The Department for Digital, Culture, Media and Sport has given £2.7m to 16 projects working to bring communities together through volunteering.
The funding, which is being delivered through the Connected Communities Innovation Fund, managed by the innovation foundation Nesta, will be used to develop and test new ideas to boost volunteering and enhance existing programmes that are working well.
Successful applicants included Cities of Service, which received £235,425 for its Next Generation project to mobilise volunteers in cities, and Equal Arts, which was granted £244,000 to expand a project using hen-keeping to build relationships between care home residents and their communities.
In2Science was awarded £250,000 for its work to support 16 to 17-year-olds from disadvantaged backgrounds to study science subjects at university, and UpRising Leadership got £270,000 for a programme to give all young people access to mentors.
Tracey Crouch, the Minister for Sport and Civil Society, said: "Volunteering has a hugely beneficial impact on people’s lives. It has the power to harness community spirit and strengthen local areas by improving people’s wellbeing and decreasing social isolation.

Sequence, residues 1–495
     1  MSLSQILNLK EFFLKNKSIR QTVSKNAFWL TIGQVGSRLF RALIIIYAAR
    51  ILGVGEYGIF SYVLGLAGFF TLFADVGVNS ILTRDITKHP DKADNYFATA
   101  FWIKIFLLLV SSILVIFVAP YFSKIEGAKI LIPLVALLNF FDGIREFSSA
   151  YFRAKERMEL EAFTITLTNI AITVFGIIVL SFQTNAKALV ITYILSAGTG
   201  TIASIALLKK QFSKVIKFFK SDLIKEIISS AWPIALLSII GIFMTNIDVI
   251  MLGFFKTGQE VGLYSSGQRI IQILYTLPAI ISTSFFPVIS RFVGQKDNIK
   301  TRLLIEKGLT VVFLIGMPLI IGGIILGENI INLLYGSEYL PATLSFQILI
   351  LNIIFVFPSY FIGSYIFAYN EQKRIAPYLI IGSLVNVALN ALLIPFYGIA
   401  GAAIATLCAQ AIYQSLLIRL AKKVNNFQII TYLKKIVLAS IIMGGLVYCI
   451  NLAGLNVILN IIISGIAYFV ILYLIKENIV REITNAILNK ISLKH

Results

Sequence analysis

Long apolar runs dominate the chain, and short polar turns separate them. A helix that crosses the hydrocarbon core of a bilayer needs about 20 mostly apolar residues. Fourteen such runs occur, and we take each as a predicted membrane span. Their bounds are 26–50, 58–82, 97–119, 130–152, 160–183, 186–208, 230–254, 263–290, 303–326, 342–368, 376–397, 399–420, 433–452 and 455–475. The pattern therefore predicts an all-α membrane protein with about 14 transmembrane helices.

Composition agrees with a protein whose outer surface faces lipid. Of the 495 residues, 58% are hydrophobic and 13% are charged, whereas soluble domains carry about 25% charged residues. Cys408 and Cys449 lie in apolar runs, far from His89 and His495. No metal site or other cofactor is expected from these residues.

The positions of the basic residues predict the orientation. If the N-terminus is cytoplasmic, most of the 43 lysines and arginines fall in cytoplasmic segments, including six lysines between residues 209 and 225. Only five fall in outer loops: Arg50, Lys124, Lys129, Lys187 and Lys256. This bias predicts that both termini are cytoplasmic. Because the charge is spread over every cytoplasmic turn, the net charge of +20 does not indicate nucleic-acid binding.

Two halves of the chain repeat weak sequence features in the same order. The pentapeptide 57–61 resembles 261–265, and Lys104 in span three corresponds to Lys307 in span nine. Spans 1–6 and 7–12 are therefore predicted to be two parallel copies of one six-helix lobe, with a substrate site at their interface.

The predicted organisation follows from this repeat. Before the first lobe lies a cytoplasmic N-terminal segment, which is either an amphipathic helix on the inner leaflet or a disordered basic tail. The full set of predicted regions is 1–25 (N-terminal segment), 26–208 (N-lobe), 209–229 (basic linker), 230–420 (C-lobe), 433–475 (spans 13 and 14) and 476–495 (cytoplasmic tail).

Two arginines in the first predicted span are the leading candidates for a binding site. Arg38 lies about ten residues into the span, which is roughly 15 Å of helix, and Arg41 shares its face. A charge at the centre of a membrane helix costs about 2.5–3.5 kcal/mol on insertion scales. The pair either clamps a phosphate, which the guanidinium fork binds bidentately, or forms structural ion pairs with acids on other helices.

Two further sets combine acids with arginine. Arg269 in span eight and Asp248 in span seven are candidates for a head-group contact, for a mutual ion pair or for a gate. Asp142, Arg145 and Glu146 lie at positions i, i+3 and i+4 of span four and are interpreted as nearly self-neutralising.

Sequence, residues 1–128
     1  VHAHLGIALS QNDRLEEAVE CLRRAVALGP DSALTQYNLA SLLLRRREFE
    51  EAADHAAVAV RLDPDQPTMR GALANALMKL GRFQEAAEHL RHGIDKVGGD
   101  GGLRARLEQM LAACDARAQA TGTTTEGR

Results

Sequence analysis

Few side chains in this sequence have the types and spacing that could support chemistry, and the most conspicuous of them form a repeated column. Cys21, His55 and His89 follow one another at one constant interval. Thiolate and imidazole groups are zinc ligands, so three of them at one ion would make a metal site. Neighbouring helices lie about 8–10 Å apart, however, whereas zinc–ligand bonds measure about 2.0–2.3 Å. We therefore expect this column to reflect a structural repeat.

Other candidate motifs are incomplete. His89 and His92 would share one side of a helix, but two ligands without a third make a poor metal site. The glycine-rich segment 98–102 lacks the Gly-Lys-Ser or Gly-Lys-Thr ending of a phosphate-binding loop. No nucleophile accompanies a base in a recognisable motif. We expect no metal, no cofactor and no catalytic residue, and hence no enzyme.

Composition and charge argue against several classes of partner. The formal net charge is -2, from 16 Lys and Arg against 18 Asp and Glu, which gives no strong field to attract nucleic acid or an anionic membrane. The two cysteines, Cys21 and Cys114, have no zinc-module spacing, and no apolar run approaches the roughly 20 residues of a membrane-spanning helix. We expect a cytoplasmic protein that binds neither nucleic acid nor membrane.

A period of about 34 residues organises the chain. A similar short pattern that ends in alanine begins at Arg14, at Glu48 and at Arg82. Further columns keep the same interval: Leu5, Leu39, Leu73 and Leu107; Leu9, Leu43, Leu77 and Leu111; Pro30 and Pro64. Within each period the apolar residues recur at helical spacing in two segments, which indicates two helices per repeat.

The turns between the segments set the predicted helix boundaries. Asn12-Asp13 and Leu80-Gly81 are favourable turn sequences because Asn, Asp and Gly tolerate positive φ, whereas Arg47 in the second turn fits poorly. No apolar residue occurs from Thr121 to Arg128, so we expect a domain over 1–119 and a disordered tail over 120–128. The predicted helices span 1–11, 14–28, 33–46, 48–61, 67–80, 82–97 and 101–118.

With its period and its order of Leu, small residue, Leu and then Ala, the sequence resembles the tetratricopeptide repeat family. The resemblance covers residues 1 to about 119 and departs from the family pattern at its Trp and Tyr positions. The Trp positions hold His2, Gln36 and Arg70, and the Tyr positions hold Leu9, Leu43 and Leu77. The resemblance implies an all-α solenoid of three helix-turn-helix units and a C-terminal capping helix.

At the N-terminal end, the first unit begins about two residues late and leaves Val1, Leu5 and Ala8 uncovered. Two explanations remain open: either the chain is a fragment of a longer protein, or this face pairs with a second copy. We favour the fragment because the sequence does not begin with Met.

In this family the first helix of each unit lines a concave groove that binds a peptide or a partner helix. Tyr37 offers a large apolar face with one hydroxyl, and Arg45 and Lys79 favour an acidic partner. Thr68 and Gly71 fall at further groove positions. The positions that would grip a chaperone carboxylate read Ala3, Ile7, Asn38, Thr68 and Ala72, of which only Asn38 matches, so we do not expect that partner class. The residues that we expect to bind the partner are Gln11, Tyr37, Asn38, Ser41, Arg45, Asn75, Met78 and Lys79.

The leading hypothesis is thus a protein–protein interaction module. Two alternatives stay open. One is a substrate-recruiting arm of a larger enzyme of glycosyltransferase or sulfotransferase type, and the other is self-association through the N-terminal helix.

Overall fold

"This investment will create more opportunities for people to share their skills while supporting people in need – it will also help to provide a rewarding experience for the volunteers themselves. I am looking forward to seeing the impact it has on a range of areas over the next few years."
Carrie Deacon, head of social action innovation at Nesta, said: "We know that when citizens share their time, knowledge and skills alongside public services, communities can achieve great things together.
"By supporting these innovative social action projects to develop and grow, we know they will transform lives and make a significant impact on some of the biggest social challenges we face."